Thursday, October 8, 2009

Killing time

Right now I'm putting off starting any major jobs on my engine, mainly because I need to spend more time with Blender but don't want to because I'm currently trying to learn 3D studio Max (and other softwares) for my job. Until I can start working on the animation system, I've been spending a little time integrating my old mesh splitting system using the new mesh format I'm using. This has given me a chance to experiment with a pattern of code organisation I thought up. Basically, there are some functions that I may use often in areas that aren't speed-critical, but will also need on rare occasion in very speed-critical areas. This may seem obvious to most people, but I've never seen it in use and so I'm kind of happy with the idea, but basically what I do is write the function as an inlined function, but also have a non-inlined version that just calls the inlined version. For example:

int calculateThing(int i1, int i2);
int calculateThingFast(int i1, int i2);

inline int calculateThingFast(int i1, int i2)
{ ***blahblahblah*** }

int calculateThing(int i1, int i2)
{ return calculateThingFast(i1, i2); }

Now, assuming that the compiler actually inlines the function properly (not sure how to check on that, if anyone knows how to make sure it does actually inline the function please let me know), I will be able to inline the function where needed and call it normally where needed. By the way, if anyone knows a better way to do this, by all means let me know.

Anyway, I've written an infinite plane cut class using inlined line-test functions, which curently tests edges against a plane (it is also capable of figuring out if the ends of the edges are exactly on the plane, which I will need later). Here's some sample images. The plane is represented by a square with a red dot representing the center (or a point on the plane) and a fading line representing the normal. Since the plane is of infinite size, the size of the square is not relevant.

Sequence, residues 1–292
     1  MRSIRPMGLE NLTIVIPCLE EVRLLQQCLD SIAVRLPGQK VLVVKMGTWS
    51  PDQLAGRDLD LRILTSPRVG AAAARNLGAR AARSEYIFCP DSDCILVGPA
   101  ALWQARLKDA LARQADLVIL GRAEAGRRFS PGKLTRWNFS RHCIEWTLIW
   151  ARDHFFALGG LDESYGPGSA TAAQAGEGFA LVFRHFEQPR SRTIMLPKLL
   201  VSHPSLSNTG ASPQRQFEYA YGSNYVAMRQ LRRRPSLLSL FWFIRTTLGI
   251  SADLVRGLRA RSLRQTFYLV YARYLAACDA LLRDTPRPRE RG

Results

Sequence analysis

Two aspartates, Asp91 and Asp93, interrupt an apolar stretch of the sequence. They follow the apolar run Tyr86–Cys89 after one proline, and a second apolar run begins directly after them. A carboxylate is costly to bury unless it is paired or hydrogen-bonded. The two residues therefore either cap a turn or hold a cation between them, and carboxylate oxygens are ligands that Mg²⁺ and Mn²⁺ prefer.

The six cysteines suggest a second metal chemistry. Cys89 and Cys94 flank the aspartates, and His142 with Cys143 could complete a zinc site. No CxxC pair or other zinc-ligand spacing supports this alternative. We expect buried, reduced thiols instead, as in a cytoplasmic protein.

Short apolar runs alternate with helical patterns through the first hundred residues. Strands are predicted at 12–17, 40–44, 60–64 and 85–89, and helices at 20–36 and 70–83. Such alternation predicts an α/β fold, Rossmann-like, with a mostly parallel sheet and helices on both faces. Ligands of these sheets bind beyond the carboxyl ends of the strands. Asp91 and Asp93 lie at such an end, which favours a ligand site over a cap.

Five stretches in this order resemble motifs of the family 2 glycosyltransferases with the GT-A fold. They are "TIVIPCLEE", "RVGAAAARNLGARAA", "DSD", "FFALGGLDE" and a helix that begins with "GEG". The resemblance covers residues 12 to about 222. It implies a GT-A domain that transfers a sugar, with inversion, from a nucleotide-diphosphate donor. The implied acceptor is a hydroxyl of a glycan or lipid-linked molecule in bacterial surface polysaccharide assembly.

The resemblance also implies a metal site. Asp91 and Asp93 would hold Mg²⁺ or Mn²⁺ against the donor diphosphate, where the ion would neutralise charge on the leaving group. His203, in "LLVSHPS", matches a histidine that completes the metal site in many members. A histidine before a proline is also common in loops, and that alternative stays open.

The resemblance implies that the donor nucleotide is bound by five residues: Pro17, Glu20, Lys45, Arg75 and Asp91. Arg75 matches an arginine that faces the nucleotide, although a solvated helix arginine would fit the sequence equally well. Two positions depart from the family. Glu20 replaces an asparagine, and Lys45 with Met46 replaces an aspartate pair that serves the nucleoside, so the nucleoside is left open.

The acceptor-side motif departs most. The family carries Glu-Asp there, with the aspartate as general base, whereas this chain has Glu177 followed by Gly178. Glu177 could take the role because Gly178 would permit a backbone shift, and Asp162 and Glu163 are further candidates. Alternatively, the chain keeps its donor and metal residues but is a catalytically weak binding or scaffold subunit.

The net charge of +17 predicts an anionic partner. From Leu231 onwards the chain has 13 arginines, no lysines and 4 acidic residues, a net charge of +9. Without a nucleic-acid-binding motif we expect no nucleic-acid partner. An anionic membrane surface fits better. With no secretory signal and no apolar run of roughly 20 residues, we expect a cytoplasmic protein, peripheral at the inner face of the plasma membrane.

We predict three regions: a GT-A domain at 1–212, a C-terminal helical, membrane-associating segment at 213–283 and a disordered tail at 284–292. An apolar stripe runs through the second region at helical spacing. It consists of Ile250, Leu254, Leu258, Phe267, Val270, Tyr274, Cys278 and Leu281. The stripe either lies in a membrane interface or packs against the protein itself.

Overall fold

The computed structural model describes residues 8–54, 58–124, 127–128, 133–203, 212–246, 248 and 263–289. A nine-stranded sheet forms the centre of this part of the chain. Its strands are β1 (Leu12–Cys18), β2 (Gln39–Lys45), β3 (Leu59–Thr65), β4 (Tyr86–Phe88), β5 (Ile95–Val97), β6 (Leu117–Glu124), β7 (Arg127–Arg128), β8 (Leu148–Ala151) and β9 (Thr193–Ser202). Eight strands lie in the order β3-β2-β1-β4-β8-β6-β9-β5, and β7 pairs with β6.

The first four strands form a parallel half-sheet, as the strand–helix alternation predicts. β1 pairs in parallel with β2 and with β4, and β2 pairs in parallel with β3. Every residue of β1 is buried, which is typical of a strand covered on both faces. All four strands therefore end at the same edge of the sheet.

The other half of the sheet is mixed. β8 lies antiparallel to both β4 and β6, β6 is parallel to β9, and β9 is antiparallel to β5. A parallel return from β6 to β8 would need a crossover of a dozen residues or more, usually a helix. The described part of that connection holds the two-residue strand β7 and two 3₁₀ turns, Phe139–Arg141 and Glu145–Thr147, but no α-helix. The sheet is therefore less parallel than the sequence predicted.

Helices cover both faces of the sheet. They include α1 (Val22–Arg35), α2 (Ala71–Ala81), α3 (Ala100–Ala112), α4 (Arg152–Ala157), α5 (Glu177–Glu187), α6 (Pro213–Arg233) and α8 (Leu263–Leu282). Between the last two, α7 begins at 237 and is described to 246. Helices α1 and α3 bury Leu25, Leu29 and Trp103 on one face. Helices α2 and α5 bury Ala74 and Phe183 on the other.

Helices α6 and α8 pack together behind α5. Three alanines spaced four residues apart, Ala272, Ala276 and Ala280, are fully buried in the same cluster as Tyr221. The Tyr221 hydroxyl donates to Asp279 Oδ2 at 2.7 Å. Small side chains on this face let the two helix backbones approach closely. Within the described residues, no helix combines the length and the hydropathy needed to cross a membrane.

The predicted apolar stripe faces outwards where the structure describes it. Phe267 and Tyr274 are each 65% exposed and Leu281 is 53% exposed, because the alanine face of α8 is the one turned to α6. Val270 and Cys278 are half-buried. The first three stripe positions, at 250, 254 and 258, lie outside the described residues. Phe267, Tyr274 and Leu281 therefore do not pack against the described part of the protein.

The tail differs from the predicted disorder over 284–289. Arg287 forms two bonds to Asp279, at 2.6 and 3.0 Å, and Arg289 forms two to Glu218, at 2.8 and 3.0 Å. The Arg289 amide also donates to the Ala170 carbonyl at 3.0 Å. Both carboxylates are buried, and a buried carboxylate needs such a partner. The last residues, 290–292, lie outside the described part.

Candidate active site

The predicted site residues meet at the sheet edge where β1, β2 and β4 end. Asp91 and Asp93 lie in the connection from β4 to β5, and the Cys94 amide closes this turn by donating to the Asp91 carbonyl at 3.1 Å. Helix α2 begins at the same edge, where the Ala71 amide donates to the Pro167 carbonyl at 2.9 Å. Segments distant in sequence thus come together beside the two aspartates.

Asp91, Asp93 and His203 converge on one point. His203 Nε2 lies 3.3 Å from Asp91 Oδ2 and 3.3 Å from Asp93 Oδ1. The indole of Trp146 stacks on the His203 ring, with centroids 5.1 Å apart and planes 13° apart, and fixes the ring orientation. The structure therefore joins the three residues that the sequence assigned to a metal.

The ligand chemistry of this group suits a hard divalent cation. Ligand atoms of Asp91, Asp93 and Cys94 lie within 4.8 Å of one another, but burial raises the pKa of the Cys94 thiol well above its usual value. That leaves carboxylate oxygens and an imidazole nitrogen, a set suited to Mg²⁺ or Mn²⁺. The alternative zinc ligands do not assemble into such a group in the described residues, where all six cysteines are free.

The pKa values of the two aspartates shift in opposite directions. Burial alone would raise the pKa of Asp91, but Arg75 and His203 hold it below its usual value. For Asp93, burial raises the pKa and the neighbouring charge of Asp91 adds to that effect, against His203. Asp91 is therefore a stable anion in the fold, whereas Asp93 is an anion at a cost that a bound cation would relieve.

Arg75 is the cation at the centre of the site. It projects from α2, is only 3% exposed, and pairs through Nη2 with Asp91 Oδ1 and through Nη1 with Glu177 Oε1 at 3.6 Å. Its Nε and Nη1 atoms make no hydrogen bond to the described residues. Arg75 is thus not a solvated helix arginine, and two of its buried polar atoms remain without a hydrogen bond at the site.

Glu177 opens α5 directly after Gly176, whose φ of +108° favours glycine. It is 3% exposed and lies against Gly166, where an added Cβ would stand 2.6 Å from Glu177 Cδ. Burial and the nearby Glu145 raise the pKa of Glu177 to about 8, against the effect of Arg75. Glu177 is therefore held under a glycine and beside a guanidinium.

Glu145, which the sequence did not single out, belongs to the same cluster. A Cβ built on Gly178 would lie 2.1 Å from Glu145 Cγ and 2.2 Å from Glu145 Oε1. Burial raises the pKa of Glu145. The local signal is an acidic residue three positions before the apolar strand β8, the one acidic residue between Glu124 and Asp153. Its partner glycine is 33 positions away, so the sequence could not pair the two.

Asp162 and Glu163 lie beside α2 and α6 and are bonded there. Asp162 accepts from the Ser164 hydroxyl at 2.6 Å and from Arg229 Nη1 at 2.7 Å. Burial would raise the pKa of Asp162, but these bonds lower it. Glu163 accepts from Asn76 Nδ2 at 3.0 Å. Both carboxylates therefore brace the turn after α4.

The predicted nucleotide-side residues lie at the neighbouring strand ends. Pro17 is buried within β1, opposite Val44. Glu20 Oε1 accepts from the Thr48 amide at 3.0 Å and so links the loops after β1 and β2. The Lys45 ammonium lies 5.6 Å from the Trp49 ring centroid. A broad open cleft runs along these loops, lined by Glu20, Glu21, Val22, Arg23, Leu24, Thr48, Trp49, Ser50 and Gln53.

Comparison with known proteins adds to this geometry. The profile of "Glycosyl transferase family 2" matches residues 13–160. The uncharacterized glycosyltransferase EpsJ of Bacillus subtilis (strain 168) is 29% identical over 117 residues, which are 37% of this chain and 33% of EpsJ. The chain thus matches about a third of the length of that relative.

The red dots signify that the plane is intersecting the exact ends of the edge. While it isn't obvious, the bottom edge, which is parallel to the plane and therefore fails normal line tests, is correctly being handled, and the two ends of the edge are being marked as exactly on the line.

Now a normal line test against the two upright edges.
The top of the edges are being detected as exactly on the edge.

So some progress is happening, next I want to work on a finite, circle-shaped cut, then a convex polygon cut. Once that is done, the next step is to start handling the different possible cuts, then triangle sorting, new face generation, handling transforms etc. Of course in the long run it has to be integrated with the model format rather than the current simple mesh, as well as needing to work properly with the animation system (a problem I never solved in the past) which doesn't even exist yet... basically it's going to take a while, and I'm busier than ever now. Still, I shall try to keep at it. Wish me luck.


  1. Hmm, I have to ask: why would you call the more expensive "normal" function when you could just call the inline function? What are the benefits of having a "normal" equivalent of an inline function? I can't think of any. Surely it just means more work for you?

  2. Hey, sorry for the late reply, been very busy. Since inlined functions are copied into the code every place that they are called, they increase code size. Increasing code size can make the program slower, so you have to be careful. Functions are usually inlined only when they are very small or used in very few places. The functions I was writing were quite large and might be needed in many places so would not normally be inlined, but in a few places I needed them to be very fast, so it was better to have them inlined in just those places. Thus the advantages of having both versions, and since the non-inlined version just calls the inlined version it's not all that much extra work or complication.

    I'm sorry if I sound condescending or anything, I really don't mean to, I just can't tell how much you know about programming so I'm trying to be very clear.